“I already know the deal but what the fuck do I tell my son / I want him living right living good, respect the rules / He’s five years old, and he still thinking cops is cool / How do I break the news that when he gets some size / He’ll be perceived as a threat, or see the fear in they eyes / It’s in they job description to terminate the threat / So 41 shots to the body is what he can expect…” -Talib Kweli, “The Proud.”

Each week, we can usually count on at least one rapper doing something that ranks between idiotic, inspiring or incredible. That’s what we hope makes Stray Shots work. Events happen and due to industry politics or just straight up cowardice, they seldom get a candid dialogue. We try to provide such a dialogue in both an informed and timely manner. This week, we’re taking a bit of a detour from the usual Stray Shots because it appears a member of America’s law enforcement community might get away with killing another young, unarmed person of color. And so the usual cycle we’ve witnessed with Sean Bell, Amadou Diallo, Oscar Grant, Trayvon Martin (killed by a civilian under the same premise), John Crawford, Eric Garner, Ezell Ford, and countless others is playing itself out. This is way beyond the scope of Hip Hop, but there’s also a direct correlation if you’re a fan of Hip Hop. So what do we do before the cycle of what appear to be innocent people getting shot by law enforcement officials with no repercussions repeats itself in the form of t-shirts, protests/candlelight vigils and the inevitable “(insert victim’s name here) freestyle?”

Andre: Donald Glover hopped on Twitter and gave what’s a fairly salient assessment of the current Twitter situation:

It’s complicated, right? These virtual spaces that we frequent have the power to make real change only when it spills over into the actual world. No one deserves to die because a police officer—allegedly—got upset that two brown people treated him like an equal and told him they were going to be at their destination soon. And the only way to impact that is real-life activism.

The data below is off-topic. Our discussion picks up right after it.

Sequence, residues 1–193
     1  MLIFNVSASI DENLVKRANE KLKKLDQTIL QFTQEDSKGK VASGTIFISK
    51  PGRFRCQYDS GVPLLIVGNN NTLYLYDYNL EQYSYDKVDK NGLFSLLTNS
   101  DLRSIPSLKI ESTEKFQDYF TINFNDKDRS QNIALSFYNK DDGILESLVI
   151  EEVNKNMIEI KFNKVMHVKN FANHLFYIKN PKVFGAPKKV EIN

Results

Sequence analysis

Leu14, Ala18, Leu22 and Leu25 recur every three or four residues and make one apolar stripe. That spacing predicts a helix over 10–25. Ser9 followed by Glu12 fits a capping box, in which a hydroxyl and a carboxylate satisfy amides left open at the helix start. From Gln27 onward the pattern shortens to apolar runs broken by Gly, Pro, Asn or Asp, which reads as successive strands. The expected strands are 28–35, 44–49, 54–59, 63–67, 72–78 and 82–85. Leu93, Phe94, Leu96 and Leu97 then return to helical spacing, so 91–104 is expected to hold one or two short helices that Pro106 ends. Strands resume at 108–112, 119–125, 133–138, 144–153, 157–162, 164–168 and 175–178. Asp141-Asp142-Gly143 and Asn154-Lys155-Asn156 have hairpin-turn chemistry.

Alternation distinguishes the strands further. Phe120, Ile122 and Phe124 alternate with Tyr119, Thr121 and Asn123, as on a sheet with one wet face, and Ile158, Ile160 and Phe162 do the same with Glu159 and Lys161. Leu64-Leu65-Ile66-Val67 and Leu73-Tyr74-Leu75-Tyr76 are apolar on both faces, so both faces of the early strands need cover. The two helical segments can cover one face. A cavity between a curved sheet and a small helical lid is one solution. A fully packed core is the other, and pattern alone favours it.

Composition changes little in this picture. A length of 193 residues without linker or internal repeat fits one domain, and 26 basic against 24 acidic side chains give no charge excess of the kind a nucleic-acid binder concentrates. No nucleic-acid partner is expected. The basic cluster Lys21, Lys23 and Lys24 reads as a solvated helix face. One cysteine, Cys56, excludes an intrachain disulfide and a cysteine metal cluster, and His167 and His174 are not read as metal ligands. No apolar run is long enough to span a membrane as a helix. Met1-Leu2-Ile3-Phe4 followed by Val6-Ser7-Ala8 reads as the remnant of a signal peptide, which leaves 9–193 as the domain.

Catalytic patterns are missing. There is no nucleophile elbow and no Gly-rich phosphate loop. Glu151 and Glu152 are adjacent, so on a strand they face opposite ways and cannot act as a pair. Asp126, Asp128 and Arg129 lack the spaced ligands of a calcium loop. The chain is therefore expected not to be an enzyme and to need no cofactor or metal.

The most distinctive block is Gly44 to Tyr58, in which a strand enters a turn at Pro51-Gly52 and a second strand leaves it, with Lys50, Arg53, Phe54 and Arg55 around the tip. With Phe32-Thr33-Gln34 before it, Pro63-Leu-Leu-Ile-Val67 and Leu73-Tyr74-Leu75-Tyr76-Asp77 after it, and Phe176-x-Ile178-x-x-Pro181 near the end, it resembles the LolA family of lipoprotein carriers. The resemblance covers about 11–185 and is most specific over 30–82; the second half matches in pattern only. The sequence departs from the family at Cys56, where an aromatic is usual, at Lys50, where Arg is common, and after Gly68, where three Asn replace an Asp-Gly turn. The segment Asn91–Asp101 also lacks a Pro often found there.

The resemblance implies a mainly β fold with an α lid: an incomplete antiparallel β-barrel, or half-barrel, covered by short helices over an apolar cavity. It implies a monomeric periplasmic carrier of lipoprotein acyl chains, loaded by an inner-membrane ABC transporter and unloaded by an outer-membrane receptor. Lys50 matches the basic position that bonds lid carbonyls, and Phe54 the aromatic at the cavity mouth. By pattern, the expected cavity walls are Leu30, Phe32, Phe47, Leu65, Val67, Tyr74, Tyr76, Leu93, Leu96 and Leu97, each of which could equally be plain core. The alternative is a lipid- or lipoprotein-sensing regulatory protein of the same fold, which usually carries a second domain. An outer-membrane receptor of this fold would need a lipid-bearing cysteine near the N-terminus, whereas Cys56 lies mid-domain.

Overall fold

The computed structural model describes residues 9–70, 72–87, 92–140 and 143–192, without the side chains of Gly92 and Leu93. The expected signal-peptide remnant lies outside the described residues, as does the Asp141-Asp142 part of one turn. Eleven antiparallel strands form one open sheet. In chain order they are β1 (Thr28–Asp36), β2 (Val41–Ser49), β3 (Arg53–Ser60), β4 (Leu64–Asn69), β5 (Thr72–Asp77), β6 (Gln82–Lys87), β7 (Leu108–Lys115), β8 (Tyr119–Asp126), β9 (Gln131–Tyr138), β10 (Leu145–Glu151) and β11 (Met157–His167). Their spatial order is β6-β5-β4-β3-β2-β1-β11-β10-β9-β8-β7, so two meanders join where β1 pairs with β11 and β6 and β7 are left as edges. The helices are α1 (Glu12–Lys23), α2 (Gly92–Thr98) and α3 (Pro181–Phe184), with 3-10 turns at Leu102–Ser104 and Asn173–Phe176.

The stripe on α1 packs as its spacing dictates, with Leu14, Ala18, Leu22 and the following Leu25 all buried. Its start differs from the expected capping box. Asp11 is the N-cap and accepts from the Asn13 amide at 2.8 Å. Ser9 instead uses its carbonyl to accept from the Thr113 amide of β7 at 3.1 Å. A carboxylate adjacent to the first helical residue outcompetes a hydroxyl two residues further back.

Omar: I agree. A few days before our country’s own citizens were getting gassed and shot with rubber bullets, we started asking artists about Michael Brown, who was the latest victim in a long line of young, unarmed people of color to die during what seemed like a normal run in with the police.

“I think it’s unacceptable,” Lecrae offered, in an interview with Emily Berkey that DX has yet to publish. “I think the government was created to serve the people, not to run the people. I think we’ve forgotten that the government works for us. They’re not in charge of us, we’re in charge of them and I think we’ve forgotten that. Some of us are under educated and we don’t know that. They work for us, we vote them in, we put them in their position, we create these laws, rules, and legislations and we have the power. I think we’ve forgotten that, it’s that slave mentality of, ‘Yes, sir. You win. You rule.’ Because of that authority we’ve given over, we’ve been taken advantage of. I don’t think that calls for street justice, I think it just calls for us asking for what already belongs to us. We’re law-abiding citizens.”

Andre: It proves there isn’t such a thing as a “normal” run in with police for people of color and police. And this is where Rap and/or Hip Hop comes in. African-Americans have always been outsiders in America. Hip Hop has been, in part, the voice that pushes back. It’s so interesting that, after the African-American civil rights era, we’ve come far enough to think of ourselves as ‘insiders.’ While there are no words to describe how people fought and died so we could participate in the democratic process, we are not necessarily (if you let history tell it) ‘of’ the democratic process, and these incidences serve as a reminder of the class of citizenship still occupied by black folks. Still, theoretically, he’s right, right? But it doesn’t feel like it. Remember when Kanye did this:

Tell me it doesn’t feel this way right now?

Omar: Ah, yes. I remember that moment very well. The thing is, as much as the police and other sectors of our government make me feel like they give less than three-fifths of a fuck about me as a black man, this isn’t limited to a black issue. At its best, we assume Hip Hop speaks for oppressed, marginalized members of society, but that’s only one of its many functions. And I think it’s serving in that function to a much lesser degree for a variety of reasons. This is a societal illness. To Lecrae’s point, when the adults we pay to protect us are killing teenagers, we have a serious problem. Education is definitely one key factor. I’d prefer if people research all the details of each case before blindly hitting Instagram, Twitter and Facebook with knee-jerk reactions. I’m fairly well-versed in some of California’s laws, and I still get visibly shook when a policeman follows my car for a couple blocks, because I feel I can still be beaten, killed or wrongfully cited even if I know my rights. The latter has happened to me before. And when you’re sitting there on the curb or in your car dealing with a mix of rage and remnants of fear, you realize just how powerless you can sometimes be. I think the solution starts with education and political mobilization. Where does Hip Hop fit into that equation? We asked Crooked I Wednesday, August 13.